Have you tried normal dip dying but want to play with shades and colors? If you're ready to learn how to ombré dye a crochet project, keep reading to see exactly how easy it is even for large projects! If you haven't dip dyed before, check out this post that gives you a more in depth explanation on how to dip dye.
The Cardigan shown below is the one that I dyed for the picture tutorial. See the end result below!
I love the gradient shades with ombré colors. Although I loved my Crystalized Boho Cardigan (free pattern on the blog) in white, I love color... I love blues!
I do recommend trying this dyeing yarn technique on a small project, like the video below shows, before jumping into a larger project.
This is the second tutorial in the Dyeing Crochet Projects series. If you've followed along with the How to Dip Dye a Crochet Project post, step 1-4 are the exact same as well as materials.
- A crochet project using wool or cotton (I used the Granny Diamond Coaster Crochet Pattern for the video tutorial to stash bust and ombre dyeing for this tutorial!) Plus an additional strand of yarn to test color.
- All Purpose Dye (I used Rit All Purpose Dye in Emerald but food coloring can also be used)
- White Vinegar
- Plastic container (or any contain that is not aluminum. I've used glass and plastic bowls. You can also use a clean container that you wouldn't mind getting dye on, like a pitcher, ice cream pail, 5 gallon bucket.)
- Safety glasses
- Surface protector (such as plastic wrap, plastic table cloth, or something that will not absorb the dye and ruin the surface you're working on)
- Tongs or Wooden Ring with dowel
- Drying Rack
- Old dish cloth, towel or blanket
- Optional: Dye Fixative (make sure to read directions, this is normally done immediately after dying is complete and helps retain color)
- Optional: Salt (for enhances color)
- Optional: Liquid Dish Soap (1 tsp for even dying)
- Optional: Citric Acid Crystals/Powder (used with acid dyes and works on wool but not cotton or linen)
Click here to jump right to the video tutorial!
Let's begin the ombré dying tutorial!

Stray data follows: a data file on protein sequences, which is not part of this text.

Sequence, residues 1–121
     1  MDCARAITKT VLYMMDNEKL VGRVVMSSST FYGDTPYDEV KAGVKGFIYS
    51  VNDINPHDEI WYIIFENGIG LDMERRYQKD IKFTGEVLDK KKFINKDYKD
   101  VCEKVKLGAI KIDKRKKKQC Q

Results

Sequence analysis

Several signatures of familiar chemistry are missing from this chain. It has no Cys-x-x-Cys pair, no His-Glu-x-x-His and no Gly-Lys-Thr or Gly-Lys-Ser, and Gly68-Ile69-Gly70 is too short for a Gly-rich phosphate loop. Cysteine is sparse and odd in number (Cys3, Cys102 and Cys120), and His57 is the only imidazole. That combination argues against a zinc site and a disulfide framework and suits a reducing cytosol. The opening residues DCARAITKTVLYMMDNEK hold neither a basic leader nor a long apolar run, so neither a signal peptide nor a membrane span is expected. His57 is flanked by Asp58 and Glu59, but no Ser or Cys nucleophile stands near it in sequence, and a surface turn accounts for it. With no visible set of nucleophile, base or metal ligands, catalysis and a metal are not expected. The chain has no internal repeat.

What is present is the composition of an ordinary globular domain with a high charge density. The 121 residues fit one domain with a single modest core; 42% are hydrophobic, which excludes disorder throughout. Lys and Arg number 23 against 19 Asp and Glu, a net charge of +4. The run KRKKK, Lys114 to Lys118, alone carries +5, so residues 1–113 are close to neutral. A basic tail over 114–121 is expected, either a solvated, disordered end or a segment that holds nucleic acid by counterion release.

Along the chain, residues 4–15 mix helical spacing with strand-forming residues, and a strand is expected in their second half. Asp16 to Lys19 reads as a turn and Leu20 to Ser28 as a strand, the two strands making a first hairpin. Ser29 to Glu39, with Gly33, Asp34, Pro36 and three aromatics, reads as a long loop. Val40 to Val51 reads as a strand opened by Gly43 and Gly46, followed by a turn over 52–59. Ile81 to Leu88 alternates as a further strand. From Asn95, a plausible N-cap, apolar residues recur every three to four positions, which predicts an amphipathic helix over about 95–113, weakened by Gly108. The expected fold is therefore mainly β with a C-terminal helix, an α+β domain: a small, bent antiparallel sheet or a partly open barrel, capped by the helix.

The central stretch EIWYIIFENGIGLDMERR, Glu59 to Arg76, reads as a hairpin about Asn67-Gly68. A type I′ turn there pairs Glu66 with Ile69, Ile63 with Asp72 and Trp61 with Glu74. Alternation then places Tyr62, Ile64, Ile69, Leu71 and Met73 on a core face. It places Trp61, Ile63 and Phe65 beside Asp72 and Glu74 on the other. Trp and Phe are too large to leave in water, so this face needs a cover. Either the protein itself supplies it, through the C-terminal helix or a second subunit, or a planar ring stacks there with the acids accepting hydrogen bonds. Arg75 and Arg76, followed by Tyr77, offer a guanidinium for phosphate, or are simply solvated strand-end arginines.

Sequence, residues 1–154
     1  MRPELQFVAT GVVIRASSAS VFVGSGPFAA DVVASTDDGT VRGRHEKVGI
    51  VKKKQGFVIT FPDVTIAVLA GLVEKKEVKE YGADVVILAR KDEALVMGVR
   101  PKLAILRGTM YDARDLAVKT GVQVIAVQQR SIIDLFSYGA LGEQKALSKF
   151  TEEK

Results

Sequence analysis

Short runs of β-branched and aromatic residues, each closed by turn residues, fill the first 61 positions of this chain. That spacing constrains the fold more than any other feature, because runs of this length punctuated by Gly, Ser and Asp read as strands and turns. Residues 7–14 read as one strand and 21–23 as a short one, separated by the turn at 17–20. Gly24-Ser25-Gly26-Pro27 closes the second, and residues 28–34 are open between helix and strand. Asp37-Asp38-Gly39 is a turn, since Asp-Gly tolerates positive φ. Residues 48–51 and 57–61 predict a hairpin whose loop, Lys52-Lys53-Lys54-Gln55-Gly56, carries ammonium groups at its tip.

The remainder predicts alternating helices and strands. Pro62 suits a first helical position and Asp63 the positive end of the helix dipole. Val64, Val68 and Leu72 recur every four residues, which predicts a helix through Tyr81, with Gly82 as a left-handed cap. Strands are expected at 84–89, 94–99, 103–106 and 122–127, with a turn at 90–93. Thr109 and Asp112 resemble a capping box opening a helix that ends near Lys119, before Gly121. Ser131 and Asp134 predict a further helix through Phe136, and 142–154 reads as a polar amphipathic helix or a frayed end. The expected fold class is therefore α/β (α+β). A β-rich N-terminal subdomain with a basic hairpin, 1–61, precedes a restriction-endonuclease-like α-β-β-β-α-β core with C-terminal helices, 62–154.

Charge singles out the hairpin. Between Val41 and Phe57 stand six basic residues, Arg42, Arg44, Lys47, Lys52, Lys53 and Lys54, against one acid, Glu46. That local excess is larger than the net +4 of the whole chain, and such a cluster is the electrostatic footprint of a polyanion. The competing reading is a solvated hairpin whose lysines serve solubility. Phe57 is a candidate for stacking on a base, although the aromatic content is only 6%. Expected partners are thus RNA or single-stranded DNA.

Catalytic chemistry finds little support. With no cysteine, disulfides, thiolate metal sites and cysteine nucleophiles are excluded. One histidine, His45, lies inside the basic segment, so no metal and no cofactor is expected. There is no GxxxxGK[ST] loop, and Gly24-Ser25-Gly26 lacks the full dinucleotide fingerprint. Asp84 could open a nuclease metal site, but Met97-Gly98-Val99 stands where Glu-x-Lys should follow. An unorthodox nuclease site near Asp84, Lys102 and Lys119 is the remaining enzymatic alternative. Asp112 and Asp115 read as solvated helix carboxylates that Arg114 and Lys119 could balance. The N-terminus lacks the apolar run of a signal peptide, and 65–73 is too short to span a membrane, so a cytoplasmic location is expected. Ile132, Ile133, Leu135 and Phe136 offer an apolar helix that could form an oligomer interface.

Gather all your dying supplies near a sink, preferably a wash basin. Having a sink near by not only is helpful for rinsing, it's also a handy way to wipe up spills up quickly.
1: Prep your crochet project
Start by soaking your crochet project and a strip of the same yarn, your gauge swatch, or a small swatch, for 30 minutes. This project I used 4 cups of water with 1/2 cup vinegar. If dying a larger project, increase the water/vinegar solution keeping the same ratios.
2: Ready your work area
I really encourage a plastic table cloth, or something to protect the surface you're working on. Along with that, make sure to protect your eyes with safety glasses and hands with gloves.
Some dyes vary with directions. Make sure to follow the directions on your dye. For example, how hot the dye bath should be as well as the maximum amount of time the project should be in it. Another common variation is if the project should be rinsed with hot of cold water.
3: Prep your water and dye mix
Get water to roughly 140° F. Shake to mix your bottle of dye. Add a little dye at a time to get the color/shade of your choosing. This is where you'll add of the option items. 1 cup salt will enhance color, 1 tsp liquid dish soap will help with even dying as well as citric acid crystals.
4: Test a swatch!
Super important!! Test a swatch or yarn strand of the yarn you used for your project. With larger projects especially, you don't want to ruin your project because it isn't the color you intended. A test swatch for the exact amount of time will show what the end result will be. If you anticipate leaving the project in for a longer amount of time, I would recommend recording the amount of hot water and how much dye you've used for your test. You may need to reheat water and remake another dye bath.
5: Dye your crochet project
You can start at any area with your project but the longer the project is in the dye bath, the more color it will gain. I normally start by dipping the entire project in first.
There is two ways of ombré dyeing. 1: Dip your entire project in and slowly pull it out over time or by dipping it back and forth continuously or 2: Dip only one end continuously in the dye bath and slowly keep lowering it in. Either way, one section will always be in the dye bath longer and will have a darker color. Dipping it continuously will allow for a more smooth ombré color than pulling it out over time. You'll most likely notice the color changes.
Above shows the garment being pulled out after 5 minute intervals. In the right most picture, you can see the line where I pulled it out vs what was left in. The video shows dipping it until the end.
6: Prep your project for drying
Once your project achieves the color of your choosing, rinse out with water (temperature according to your dye directions). Water must run clear. After, roll your project in a dish cloth or towel to soak up excess water. Do not wring it out or agitate the fibers.
Larger projects may need to be dyed outdoors like my photos above. Instead of using my basin sink, I decided to rinse in a bucket, fill another, and then move it to the clean water bucket until it came out clear.
7: Let project completely dry
Using a drying rack of some sort will speed up the drying process. This will allow air to not only reach the top but also the bottom. Laying on a flat surface with no air flow under it will result in a longer drying time. Outdoors on a less humid day works wonders!
And that, my friend, is how to make your crochet project ombré!!!
Once your project is completely dry, enjoy it!
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